The latter assured the envoy that the Vistula River represented the natural borders between French and Russian influence in Europe. On that basis, the two emperors began peace negotiations at the town of Tilsit after meeting on an iconic raft on the River Niemen.
The very first thing Alexander said to Napoleon was probably well-calibrated: "I hate the English as much as you do".
Alexander faced pressure from his brother, Duke Constantine , to make peace with Napoleon. Given the victory he had just achieved, the French emperor offered the Russians relatively lenient terms—demanding that Russia join the Continental System, withdraw its forces from Wallachia and Moldavia , and hand over the Ionian Islands to France.
Prussia's humiliating treatment at Tilsit caused a deep and bitter antagonism which festered as the Napoleonic era progressed.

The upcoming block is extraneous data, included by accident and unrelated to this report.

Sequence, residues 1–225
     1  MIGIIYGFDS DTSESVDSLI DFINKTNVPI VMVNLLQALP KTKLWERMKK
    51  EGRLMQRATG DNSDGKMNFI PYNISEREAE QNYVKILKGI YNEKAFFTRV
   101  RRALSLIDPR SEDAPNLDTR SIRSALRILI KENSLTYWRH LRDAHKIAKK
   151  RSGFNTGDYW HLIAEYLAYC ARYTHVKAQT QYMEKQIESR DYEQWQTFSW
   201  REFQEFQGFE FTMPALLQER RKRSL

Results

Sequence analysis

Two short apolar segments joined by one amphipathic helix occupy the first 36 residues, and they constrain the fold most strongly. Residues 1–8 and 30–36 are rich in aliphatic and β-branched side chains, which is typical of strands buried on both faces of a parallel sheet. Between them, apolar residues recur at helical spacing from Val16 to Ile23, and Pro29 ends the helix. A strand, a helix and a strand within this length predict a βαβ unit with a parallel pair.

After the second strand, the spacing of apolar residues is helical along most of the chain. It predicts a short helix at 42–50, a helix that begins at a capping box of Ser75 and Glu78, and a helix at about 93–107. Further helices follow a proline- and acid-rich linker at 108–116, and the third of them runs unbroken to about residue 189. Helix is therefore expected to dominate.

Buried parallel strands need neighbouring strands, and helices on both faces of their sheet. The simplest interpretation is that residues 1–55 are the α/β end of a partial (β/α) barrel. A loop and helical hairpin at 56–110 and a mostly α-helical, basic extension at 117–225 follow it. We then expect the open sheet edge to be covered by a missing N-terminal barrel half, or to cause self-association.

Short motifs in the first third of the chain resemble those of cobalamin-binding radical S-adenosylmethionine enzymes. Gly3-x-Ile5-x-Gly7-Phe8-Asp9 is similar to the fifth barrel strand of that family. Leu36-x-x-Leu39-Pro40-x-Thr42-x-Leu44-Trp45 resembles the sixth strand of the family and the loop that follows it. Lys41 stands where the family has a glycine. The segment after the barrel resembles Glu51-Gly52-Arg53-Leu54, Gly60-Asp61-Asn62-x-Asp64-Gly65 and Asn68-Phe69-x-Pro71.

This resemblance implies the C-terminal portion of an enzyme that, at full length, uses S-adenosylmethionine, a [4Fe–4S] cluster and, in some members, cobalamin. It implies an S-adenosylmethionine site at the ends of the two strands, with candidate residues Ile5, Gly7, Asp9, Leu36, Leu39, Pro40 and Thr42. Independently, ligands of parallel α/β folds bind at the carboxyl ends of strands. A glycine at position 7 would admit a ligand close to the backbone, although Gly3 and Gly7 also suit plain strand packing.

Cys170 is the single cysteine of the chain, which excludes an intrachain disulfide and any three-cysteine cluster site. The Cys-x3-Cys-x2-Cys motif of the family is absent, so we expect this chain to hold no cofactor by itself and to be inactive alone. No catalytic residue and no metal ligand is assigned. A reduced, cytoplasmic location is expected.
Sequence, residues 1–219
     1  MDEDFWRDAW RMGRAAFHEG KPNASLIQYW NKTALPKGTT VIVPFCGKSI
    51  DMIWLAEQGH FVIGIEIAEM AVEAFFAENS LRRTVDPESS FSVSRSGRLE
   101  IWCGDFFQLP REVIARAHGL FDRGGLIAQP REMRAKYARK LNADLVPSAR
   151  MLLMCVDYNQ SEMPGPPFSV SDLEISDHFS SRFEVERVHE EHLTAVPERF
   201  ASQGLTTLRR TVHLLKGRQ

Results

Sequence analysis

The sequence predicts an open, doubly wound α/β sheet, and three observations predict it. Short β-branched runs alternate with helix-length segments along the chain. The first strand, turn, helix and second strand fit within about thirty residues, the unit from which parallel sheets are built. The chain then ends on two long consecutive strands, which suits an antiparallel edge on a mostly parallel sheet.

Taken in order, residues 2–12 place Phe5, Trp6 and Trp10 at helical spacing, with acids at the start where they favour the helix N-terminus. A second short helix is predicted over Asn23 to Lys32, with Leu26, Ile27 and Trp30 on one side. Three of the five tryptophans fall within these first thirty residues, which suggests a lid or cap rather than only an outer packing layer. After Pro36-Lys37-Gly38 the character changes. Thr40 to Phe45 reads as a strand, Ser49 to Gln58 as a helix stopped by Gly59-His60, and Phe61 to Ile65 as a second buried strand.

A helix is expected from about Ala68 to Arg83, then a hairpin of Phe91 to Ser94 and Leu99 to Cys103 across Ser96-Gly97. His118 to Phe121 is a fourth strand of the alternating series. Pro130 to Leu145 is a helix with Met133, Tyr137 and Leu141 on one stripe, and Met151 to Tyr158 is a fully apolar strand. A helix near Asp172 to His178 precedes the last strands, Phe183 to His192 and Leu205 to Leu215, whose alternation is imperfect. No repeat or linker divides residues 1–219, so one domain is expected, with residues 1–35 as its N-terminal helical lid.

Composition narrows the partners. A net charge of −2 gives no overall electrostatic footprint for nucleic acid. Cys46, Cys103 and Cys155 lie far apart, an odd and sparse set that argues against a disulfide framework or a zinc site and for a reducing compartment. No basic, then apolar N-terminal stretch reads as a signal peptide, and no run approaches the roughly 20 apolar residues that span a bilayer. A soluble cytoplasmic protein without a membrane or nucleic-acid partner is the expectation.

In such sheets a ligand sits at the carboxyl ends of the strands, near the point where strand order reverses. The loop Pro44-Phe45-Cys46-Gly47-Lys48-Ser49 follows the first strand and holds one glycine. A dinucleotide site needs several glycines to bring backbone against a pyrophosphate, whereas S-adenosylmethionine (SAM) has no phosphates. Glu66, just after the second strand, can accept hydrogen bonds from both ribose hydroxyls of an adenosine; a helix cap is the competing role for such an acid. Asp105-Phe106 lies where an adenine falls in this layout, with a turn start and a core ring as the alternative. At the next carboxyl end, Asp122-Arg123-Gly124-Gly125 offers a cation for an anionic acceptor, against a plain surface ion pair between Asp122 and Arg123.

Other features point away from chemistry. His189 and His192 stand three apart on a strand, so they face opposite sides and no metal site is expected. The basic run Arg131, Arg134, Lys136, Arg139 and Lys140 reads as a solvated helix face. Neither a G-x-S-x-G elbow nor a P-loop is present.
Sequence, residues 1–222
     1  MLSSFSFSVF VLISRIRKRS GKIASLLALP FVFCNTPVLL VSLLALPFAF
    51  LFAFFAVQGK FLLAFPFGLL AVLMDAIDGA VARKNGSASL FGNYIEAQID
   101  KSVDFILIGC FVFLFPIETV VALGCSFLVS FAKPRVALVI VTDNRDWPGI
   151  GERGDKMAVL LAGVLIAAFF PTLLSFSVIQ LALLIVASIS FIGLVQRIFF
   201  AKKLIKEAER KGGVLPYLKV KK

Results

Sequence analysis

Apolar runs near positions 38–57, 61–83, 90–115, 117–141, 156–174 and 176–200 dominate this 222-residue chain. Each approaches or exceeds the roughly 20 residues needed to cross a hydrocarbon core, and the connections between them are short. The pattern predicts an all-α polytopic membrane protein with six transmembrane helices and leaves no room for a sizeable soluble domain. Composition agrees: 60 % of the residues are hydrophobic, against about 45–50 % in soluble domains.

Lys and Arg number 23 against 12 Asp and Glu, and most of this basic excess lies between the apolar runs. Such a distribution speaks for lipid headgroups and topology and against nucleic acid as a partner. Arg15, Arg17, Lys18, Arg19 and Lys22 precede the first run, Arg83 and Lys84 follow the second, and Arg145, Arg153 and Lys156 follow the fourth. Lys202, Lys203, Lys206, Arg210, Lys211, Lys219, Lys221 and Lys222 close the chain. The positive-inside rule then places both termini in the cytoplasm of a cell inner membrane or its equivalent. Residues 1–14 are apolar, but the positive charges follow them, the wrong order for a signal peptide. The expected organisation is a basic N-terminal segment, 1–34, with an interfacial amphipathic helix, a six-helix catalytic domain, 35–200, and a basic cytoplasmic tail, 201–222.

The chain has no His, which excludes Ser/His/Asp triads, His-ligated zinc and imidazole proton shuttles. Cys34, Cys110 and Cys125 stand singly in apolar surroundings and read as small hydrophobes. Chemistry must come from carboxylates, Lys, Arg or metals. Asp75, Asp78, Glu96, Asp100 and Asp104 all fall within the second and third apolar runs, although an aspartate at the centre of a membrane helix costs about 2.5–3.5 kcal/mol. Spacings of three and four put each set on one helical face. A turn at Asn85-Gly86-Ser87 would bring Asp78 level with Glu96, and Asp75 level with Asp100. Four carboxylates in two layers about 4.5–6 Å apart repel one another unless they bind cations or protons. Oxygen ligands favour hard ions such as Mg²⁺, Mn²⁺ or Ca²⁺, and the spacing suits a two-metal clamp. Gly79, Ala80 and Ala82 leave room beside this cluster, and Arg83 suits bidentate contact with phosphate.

Moreover, Alexander's pretensions at friendship with Napoleon led the latter to seriously misjudge the true intentions of his Russian counterpart, who would violate numerous provisions of the treaty in the next few years.
Despite these problems, the Treaties of Tilsit at last gave Napoleon a respite from war and allowed him to return to France, which he had not seen in over days.
The settlements at Tilsit gave Napoleon time to organize his empire. One of his major objectives became enforcing the Continental System against the British forces.
He decided to focus his attention on the Kingdom of Portugal , which consistently violated his trade prohibitions. After defeat in the War of the Oranges in , Portugal adopted a double-sided policy.
At first, John VI agreed to close his ports to British trade. The situation changed dramatically after the Franco-Spanish defeat at Trafalgar; John grew bolder and officially resumed diplomatic and trade relations with Britain.